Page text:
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Tony Trischka on Pete Seeger

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Pete SeegerAward winning banjo artist, instructor and historian Tony Trischka shared his tribute on Pete Seeger. We've been granted permission to carry that tribute here on Cybergrass. Tony writes...

I grew up with Pete’s banjo ringing in my ears. My parents were on the left side of things in the fifties and we listened to Weavers albums, Pete’s children’s records on Folkways, and Talking Union by the Almanac Singers.

When I first got serious about playing the banjo around the age of 14, I picked up Pete’s banjo book, which came out in the late 40s. It was the first banjo instruction book of the modern era, and provided me, and countless others, with lots of early inspiration. Around that time, I wrote a letter addressed to “Pete Seeger, Beacon, NY” (I didn’t have the address….kind of like writing to Santa Claus, North Pole). It went something like this: “You’re the greatest banjo player in the entire universe.” Two weeks later, I received a post card from Pete saying, “Dear Tony, Music’s not like a horse race. There’s no such thing as best, but I’m glad you like my music.” And he signed his name and drew a little banjo. The fact that he would take the time to respond to a kid like me was huge.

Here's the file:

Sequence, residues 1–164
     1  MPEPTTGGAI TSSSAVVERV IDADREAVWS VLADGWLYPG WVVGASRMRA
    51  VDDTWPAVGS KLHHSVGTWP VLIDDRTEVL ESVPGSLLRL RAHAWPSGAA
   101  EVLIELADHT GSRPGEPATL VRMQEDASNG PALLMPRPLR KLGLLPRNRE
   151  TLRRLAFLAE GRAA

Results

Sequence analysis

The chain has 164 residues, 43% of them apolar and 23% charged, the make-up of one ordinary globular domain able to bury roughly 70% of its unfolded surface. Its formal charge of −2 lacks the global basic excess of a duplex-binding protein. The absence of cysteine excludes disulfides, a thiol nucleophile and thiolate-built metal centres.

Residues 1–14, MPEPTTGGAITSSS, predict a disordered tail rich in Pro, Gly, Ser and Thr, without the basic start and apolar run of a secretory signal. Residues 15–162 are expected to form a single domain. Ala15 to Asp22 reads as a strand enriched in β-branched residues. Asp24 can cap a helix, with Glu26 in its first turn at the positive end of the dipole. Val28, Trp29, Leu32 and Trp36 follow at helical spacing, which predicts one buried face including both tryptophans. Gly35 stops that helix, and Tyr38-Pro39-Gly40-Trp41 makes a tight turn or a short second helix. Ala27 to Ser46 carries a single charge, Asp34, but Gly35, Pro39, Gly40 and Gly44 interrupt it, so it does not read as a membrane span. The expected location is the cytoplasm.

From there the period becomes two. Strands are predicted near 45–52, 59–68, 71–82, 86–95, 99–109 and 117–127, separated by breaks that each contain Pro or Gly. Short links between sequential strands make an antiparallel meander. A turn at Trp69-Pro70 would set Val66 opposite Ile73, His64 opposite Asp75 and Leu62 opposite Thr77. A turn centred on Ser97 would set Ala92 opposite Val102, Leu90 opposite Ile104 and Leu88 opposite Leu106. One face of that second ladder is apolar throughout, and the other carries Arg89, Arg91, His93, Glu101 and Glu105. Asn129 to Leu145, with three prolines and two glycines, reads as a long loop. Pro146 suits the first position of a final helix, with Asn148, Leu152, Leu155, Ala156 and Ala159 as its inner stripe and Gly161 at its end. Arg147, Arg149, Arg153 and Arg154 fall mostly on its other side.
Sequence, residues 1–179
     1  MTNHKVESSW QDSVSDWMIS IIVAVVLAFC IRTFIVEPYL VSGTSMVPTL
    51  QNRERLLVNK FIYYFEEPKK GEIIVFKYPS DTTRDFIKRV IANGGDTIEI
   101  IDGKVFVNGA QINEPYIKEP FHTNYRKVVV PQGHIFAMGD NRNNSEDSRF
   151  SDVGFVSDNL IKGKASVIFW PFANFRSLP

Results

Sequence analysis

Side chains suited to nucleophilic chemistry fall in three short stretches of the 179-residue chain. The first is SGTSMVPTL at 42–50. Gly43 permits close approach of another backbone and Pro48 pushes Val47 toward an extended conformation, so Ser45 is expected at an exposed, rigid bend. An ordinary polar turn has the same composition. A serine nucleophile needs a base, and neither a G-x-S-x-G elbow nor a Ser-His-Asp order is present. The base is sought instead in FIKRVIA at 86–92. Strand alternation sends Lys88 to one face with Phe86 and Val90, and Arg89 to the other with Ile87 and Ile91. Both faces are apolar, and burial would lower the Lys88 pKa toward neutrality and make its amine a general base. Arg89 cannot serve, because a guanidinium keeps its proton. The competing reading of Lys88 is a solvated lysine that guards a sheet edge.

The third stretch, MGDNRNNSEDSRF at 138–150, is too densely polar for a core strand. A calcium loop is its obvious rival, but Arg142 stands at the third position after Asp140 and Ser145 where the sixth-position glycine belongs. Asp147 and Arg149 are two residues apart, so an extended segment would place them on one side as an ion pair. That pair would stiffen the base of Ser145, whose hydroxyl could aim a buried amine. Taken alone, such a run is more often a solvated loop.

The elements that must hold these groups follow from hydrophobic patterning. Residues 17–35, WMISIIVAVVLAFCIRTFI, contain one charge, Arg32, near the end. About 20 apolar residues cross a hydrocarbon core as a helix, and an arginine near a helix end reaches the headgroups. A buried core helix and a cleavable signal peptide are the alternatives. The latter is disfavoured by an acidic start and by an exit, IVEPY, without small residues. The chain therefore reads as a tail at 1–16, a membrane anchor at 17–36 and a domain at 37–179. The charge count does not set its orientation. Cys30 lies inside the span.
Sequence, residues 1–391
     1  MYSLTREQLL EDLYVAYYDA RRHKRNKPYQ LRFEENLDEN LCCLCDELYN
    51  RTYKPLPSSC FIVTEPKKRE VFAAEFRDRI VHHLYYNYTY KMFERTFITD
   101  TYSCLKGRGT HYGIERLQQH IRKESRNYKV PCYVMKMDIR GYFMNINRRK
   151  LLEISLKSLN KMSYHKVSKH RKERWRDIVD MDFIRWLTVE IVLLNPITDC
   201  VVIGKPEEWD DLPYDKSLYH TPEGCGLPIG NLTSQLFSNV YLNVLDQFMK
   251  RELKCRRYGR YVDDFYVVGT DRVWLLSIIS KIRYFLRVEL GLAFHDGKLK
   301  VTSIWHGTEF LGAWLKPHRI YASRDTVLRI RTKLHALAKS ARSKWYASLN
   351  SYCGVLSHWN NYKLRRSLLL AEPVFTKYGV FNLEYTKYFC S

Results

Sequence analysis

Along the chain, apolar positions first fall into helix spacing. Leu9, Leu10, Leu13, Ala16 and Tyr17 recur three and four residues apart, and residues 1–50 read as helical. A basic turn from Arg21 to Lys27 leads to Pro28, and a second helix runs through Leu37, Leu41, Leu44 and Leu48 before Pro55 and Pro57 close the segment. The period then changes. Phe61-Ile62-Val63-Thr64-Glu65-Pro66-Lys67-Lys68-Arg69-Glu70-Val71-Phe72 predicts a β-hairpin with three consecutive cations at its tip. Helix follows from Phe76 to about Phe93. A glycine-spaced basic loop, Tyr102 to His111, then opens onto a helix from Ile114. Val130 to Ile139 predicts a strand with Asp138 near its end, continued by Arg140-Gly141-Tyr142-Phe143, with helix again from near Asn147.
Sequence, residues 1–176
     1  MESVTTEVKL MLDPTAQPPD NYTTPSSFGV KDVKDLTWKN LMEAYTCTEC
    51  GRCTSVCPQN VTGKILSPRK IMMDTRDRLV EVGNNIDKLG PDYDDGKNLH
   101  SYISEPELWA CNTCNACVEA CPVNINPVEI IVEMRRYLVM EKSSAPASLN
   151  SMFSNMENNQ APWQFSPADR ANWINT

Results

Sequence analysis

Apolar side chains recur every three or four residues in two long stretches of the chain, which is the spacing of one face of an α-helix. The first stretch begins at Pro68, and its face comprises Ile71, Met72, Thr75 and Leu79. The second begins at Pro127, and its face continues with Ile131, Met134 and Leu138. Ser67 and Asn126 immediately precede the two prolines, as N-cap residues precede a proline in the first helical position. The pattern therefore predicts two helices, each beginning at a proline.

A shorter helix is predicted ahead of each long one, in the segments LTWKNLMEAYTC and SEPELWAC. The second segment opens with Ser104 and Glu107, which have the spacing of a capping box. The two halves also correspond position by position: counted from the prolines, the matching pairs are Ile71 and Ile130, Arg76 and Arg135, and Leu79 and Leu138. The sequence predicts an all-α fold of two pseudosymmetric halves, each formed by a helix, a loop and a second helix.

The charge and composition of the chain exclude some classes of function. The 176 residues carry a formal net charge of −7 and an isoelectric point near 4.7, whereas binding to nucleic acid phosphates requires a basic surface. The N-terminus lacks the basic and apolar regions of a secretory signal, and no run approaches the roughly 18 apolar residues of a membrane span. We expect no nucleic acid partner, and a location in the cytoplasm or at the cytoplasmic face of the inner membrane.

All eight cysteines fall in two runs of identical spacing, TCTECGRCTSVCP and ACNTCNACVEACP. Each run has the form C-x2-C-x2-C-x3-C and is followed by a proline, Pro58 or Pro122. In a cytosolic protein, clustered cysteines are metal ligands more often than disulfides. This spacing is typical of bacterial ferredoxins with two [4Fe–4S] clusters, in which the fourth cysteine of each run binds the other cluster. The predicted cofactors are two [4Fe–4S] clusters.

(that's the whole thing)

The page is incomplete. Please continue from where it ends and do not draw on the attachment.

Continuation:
Music poured out of Pete at the drop of a hat. About twenty years ago, Pete and I were appearing separately at the Winnipeg Folk Festival in Canada. Boarding the bus at the hotel to head out to the airport, I saw Pete sitting across from the bus driver. There were no other passengers. I sat down just behind Pete, who turned to me and said, "You know, Tony, audiences these days don't know how to sing bass parts to songs. I'll show you what I mean. Do you know the words to ‘Study War No More’?" I said that I did, and began to sing the melody. Almost immediately, Pete chimed in on the low harmony part as we duetted our way to the airport. Once we arrived, we found ourselves in unmoving, excruciatingly long custom lines. Most folks were in business attire, but there were we were, with our jeans and banjos. At some point, I looked over at Pete in the adjacent line. He was hunched over his banjo case. He proceeded to unlatch it and throw the banjo over his shoulder. As he stood up and started to play, his uncomprehending neighbors began to look ill at ease. Not wishing to let an opportunity like this escape me, I took out my own banjo and joined in. We picked our way to the front of the line.

“Guard against getting too discouraged because winning the big battles seems so far off and so difficult. Pick some little struggles. Here, on the waterfront of my hometown, we’ve been teaching sailing and pulling up weeds and cooking food and singing songs.
These are very trivial things, but little victories give us the courage to keep on struggling to win some bigger victories later on.”

   ~ Pete Seeger, In His Own Words